Linux, politics, and other interesting things
I previously wrote about the case for a Basic Income in Australia . Since then I read an interesting article by Rutger Bregman in the Dutch site The Correspondent discussing the benefit that such Basic Income schemes have given in various places , he makes a great case for giving a Basic Income to poor people. However I believe that it should be provided to everyone. I believe that government payments shouldn’t be “means tested” because the proportion of the population who earn more than the cutoff is usually very small (IE it doesn’t save much money), because the money will be recovered from wealthy people in tax, and because the bureaucracy involved in determining who is eligible involves spending tax money to pay bureaucrats and costing everyone time in dealing with the process.
The concept of an Attention Economy has been getting some interest recently. But discussions of it seem to be mostly concerned with the needs of fairly wealthy people, how to advertise to them, how to filter out unwanted ads for them, etc. But the costs in attention can be even worse for people on low incomes or social security because they have many attention costs that could be solved by money. Many common essential purchases (EG soap, basic foods, and purely functional clothes) can become difficult decisions if saving a few dollars is important. The amount of thought involved in buying such items can result in someone who’s not well off having little energy to concentrate on other things. I think that to have an effective social security system we need to consider how much cognitive effort is being required of people who are receiving benefits.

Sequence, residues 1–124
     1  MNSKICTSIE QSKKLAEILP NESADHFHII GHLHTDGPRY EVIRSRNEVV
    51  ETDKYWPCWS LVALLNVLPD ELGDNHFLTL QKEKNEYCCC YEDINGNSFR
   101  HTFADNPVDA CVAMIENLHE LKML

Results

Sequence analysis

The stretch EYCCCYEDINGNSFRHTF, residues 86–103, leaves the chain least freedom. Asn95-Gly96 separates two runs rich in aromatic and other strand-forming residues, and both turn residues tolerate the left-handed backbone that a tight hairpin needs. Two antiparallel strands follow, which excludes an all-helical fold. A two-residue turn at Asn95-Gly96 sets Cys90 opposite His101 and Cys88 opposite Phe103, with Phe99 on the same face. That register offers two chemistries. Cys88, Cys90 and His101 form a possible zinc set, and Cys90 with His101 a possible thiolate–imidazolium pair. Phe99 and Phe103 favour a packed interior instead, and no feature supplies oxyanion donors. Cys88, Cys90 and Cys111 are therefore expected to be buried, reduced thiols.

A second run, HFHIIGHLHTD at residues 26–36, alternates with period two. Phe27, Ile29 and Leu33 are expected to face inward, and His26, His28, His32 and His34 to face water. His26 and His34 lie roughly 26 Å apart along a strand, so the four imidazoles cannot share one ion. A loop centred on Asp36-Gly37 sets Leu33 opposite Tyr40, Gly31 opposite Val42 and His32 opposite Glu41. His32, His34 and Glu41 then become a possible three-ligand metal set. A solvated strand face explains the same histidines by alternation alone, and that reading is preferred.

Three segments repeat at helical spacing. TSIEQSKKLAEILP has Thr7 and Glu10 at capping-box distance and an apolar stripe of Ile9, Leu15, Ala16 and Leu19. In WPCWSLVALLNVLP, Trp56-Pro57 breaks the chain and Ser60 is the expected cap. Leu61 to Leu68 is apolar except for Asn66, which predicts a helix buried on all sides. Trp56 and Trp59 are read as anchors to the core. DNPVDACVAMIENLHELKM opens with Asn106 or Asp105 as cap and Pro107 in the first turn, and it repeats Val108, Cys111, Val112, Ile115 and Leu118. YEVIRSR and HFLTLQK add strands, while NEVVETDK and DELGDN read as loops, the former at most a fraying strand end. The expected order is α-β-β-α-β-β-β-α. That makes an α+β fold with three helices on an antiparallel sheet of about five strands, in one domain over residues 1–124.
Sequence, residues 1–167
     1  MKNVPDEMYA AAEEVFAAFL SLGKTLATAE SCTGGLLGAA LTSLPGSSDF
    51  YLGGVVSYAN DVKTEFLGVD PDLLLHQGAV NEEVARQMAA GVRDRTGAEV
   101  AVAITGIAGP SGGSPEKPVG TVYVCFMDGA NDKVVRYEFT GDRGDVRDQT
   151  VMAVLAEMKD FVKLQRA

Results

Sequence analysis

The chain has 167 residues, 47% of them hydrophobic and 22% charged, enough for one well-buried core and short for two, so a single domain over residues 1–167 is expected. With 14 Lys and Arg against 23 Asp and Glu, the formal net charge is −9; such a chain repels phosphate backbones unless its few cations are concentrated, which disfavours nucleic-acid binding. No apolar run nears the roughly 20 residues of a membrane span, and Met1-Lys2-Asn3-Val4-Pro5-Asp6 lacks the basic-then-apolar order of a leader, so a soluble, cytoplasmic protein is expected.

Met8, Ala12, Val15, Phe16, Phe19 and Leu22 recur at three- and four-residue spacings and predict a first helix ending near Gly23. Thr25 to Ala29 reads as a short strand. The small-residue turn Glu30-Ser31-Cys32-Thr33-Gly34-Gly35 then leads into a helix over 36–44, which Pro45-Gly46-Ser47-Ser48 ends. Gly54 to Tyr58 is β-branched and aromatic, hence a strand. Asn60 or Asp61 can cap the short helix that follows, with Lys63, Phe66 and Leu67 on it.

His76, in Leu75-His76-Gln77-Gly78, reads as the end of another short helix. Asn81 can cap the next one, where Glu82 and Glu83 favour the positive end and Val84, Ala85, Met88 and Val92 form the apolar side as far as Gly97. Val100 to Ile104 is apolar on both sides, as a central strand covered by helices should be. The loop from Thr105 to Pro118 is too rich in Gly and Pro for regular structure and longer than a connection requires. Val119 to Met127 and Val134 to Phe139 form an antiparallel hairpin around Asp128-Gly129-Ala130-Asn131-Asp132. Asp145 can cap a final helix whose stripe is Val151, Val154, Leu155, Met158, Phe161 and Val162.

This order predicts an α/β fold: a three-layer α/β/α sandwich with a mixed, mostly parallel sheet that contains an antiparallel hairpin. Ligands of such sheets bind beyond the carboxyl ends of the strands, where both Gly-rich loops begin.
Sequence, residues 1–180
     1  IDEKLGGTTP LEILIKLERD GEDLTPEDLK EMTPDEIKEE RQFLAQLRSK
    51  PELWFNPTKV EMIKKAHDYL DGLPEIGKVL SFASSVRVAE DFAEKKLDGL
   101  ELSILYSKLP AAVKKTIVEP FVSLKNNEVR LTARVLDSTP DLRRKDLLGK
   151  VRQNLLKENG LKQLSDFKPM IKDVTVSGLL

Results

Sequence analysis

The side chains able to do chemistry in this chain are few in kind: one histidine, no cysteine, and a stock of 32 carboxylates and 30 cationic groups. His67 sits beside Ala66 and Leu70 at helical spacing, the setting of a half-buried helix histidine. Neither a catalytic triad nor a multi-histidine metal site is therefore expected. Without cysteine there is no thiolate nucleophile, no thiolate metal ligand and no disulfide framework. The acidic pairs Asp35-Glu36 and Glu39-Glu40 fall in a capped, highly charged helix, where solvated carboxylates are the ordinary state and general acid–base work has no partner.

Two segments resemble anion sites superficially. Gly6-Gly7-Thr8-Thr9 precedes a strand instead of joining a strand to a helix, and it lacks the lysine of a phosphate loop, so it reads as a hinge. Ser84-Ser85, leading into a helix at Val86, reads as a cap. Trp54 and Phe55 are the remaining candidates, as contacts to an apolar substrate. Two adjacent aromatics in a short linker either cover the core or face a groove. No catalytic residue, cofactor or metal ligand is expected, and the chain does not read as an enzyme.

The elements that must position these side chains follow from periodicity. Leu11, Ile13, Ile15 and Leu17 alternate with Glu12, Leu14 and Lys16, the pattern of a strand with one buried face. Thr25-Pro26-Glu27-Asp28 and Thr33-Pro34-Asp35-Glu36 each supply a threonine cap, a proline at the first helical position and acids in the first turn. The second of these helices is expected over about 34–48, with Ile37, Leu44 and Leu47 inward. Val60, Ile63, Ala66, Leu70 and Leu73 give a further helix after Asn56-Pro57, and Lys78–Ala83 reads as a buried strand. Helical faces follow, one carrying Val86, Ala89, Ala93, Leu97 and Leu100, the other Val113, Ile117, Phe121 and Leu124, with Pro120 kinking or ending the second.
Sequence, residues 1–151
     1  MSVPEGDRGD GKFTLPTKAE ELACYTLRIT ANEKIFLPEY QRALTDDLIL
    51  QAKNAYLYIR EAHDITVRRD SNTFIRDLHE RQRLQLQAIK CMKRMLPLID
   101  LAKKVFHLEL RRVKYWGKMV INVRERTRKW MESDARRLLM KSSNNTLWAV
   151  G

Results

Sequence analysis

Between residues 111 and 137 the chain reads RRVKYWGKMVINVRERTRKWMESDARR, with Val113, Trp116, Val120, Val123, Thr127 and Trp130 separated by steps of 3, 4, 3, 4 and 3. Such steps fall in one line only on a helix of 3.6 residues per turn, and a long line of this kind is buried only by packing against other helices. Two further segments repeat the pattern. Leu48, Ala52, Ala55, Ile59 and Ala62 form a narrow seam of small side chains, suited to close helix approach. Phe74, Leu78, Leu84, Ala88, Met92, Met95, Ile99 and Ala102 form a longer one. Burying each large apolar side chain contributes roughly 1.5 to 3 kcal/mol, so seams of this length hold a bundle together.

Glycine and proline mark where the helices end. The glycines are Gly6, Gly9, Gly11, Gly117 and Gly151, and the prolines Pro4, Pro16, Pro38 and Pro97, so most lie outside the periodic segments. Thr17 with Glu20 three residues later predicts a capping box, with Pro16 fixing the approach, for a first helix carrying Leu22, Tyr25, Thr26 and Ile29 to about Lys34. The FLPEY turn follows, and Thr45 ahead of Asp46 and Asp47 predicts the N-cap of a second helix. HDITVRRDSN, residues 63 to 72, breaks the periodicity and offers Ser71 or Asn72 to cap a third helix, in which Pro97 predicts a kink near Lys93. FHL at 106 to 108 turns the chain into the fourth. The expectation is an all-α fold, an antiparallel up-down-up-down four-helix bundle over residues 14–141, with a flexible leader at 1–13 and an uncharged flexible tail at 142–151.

Last month I wrote yet another review of mobile phone plans in Australia . Every time I do this it takes a significant amount of time because the Telcos devise overly complex plans to make it difficult to compare their offerings. It seems that they aim to make their offerings somewhat competitive if you can interpret them but confusing enough to allow many (most?) of their customers to pay needlessly high bills. I could just pick a random telco and pay whatever it takes, spending an extra $10 or $20 per month isn’t such a big deal for me. Even though I advise a number of my relatives on the cheapest phone plan it’s probably only barely saving enough money to be worth the effort, a major motivation for me is being stubborn and not wanting telcos to rip people off.
A mobile phone seems to be essential for most people. Mobile phones are used for making medical appointments and for applying for work, so in almost every case some of the financial assistance paid to a job seeker or person on a disability pension will go towards mobile phone costs. The aims of the social security benefits seem to clearly involve a phone service. Given that most people who receive social security payments spend some of that money on mobile phone bills the government has a direct financial interest in not having such money wasted on needlessly expensive phone plans. As we also don’t want to have people on social security spending time and attention trying to find the best phone plan it makes sense to have the government help manage this process.
Good communications is regarded as essential to education and economic development. A huge amount of taxpayer money was spent on the NBN (and then wasted by Tony Abbott when he cancelled the original plans) for these benefits.
Good phone access is also an issue of personal safety. While it is possible to call emergency services from a mobile phone that doesn’t have a valid SIM there are probably few people who keep a spare phone charged for that purpose. Also there are a variety of issues that can impact life or health which can best be resolved by calling friends or relatives.